Working In The Dining Room On The Cruiseship

After my broken wrist and return to Renaissance Cruises in November of 1993 in Antigua I worked as a waiter , then a Maitre’d , till I left in March of 1996. It was one of the longest lasting periods of employment I have ever had up to now.

There is still a lot of fond memories I have of working on the ship. Renaissance Cruises had a capacity of 114 passengers which made for a real intimate atmosphere for all the guests to get to know one another and for the staff to give the best personal service that one would expect with a 5 Star service.

It was an open seating so people could come anytime they wanted during the service which usually went from 7-9:30 , 12-2, 7-9:30 , for breakfast , lunch , and dinner. Because it was an open sitting everyone would join others and by the end of the cruise you could see the guests had made some long term friendships with one another.

In the dining room there were 4 stations with a front waiter and a back waiter working in each one that would seat anywhere from 28 to 32 people. There was a choice of 3 appetizers , 3 salads , 3 entrees , then 3 desserts. On the Captain’s welcome dinner and farewell dinner there was a five course dinner with a choice of Lobster or a Beef Wellington entree , and to finish a delicious souffle at the end.

On a ship everything was built for speed. I remember being the front waiter taking the food choices of the guests and by the time you finished taking all the orders from your 5 tables the 2 top you first took the order of was already on their main course. The written order was left on the station for all courses and the person who was running the food would run into the kitchen and pick up the food then set it down on the table and cross off what he brought out. Whoever put the food down whether it was the food runner or front waiter had to make sure he crossed off what they served or you could easily get confused.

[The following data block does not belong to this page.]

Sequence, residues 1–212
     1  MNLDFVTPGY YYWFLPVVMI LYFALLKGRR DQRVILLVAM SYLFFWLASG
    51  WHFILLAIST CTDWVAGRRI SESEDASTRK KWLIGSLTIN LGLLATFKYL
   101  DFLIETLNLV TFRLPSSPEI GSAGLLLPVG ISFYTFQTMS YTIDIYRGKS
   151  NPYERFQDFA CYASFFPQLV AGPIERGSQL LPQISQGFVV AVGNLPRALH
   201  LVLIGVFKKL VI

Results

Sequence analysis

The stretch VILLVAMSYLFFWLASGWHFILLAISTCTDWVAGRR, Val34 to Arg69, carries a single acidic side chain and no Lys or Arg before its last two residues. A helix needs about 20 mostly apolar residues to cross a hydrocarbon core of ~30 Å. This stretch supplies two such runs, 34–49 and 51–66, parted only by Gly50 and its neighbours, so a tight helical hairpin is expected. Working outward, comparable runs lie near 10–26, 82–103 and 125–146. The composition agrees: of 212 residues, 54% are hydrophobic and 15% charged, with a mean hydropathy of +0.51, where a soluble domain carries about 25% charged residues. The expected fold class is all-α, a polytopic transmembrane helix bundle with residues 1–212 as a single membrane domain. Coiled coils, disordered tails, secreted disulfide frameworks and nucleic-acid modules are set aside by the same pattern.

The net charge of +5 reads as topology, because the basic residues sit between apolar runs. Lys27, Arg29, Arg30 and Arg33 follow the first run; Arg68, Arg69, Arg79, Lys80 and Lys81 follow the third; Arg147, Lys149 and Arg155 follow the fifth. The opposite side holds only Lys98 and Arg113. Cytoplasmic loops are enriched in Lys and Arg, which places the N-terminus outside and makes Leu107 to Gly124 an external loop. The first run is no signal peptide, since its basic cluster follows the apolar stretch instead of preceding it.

Once I finished taking all the orders , then the runner would just bring out the food and I would deliver it to the guests. When the main course was to be fired ( called for pick up ) , then we would deliver the fire slip to the chef who had our order for the entrees for each table. The trick was as soon as you delivered the salads then you had to see how the firing line was in the kitchen. Usually once a table got fired then all the tables started getting fired and if you had a late table you could pretty much fire the table once they got their soups which was before the salad so the entree would come out without them having to wait. You see everything including the entree could be picked up within a few minutes. The salads were prepared in advanced as well as the appetizers so it was just pick up. The soups you poured yourself.

You as a front waiter had to move fast , preparing the cutlery on the table , clearing quick , pouring wine and filling water , and delivering the food once it was brought out. Then the souffle would be fired upon delivery of the main course. Souffles take about 20 minutes so when they were ready you had to make sure you had the table cleared and crumbed down then whoosh the souffles would arrive. Coffee and tea or cappucinos and the petits fours and it was done. Usually a five course farewell dinner for up to 118 people which included officers of the ship took only about 1 1/2 hour to complete. Most everyone would be on their coffees by then. A two top could finish everything in about an hour.

The front waiter had to be very attentive and sensitive to special needs and instruct the back waiter to slow down or speed up , other times maybe I would need ketchup or something and ask the back waiter to get it pronto. It was a team effort for sure. The whole idea was to be prepared for anything. Get a good mise en place for each service.

As well as the usual meal services , each waiter had a side duty to perform and it was his job to make sure it was done properly whether it was setting up the buffet or making coffee. Then we had the general cleaning once a week when everything was cleaned so it shined and the following morning it would be inspected by the Hotel Manager and Chief Officer with the Dining Room Manager.

I tell you that I enjoyed the team environment we had. All in the pursuit of making the guest happy. Sure there was loading of supplies on embarkation day and life boat drills we had to do , like a winning team in sports where everyone blends in well together for the good of the team and parties together it was great fun. People worked in the dining room of all nationalities. I went to visit some of my workmates in the States , France , Germany , and Sweden because of friends I made on the ship.

Our salary was $50 a month but the tips were good and we usually on a monthly basis made over $3000 US which is not too bad considering everything was included.

More about the ship later….


  1. What a wonderful atmosphere to work in.The ‘salary’ made me chuckle, but the tips? Yeah baby!Sounds like a lot of fun.

  2. SkippyMom…it was for sure.

  3. Another interesting story. Keep it up. Where will we be next????

  4. Anonymous…the next few will be about the cruiseship years.

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